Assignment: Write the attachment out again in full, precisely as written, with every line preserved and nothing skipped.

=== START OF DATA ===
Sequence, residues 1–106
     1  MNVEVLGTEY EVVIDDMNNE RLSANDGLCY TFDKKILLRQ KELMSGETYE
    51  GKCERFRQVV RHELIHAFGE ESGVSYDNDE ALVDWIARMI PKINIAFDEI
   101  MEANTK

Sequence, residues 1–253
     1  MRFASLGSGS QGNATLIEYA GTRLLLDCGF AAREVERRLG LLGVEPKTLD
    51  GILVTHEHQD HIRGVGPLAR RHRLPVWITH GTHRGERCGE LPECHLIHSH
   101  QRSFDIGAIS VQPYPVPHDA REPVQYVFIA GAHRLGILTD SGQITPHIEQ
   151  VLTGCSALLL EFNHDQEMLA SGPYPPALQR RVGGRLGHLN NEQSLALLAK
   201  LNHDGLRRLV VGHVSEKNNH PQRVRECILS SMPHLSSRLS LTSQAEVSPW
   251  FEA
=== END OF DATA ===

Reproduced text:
Sequence, residues 1–106
     1  MNVEVLGTEY EVVIDDMNNE RLSANDGLCY TFDKKILLRQ KELMSGETYE
    51  GKCERFRQVV RHELIHAFGE ESGVSYDNDE ALVDWIARMI PKINIAFDEI
   101  MEANTK

Sequence, residues 1–253
     1  MRFASLGSGS QGNATLIEYA GTRLLLDCGF AAREVERRLG LLGVEPKTLD
    51  GILVTHEHQD HIRGVGPLAR RHRLPVWITH GTHRGERCGE LPECHLIHSH
   101  QRSFDIGAIS VQPYPVPHDA REPVQYVFIA GAHRLGILTD SGQITPHIEQ
   151  VLTGCSALLL EFNHDQEMLA SGPYPPALQR RVGGRLGHLN NEQSLALLAK
   201  LNHDGLRRLV VGHVSEKNNH PQRVRECILS SMPHLSSRLS LTSQAEVSPW
   251  FEA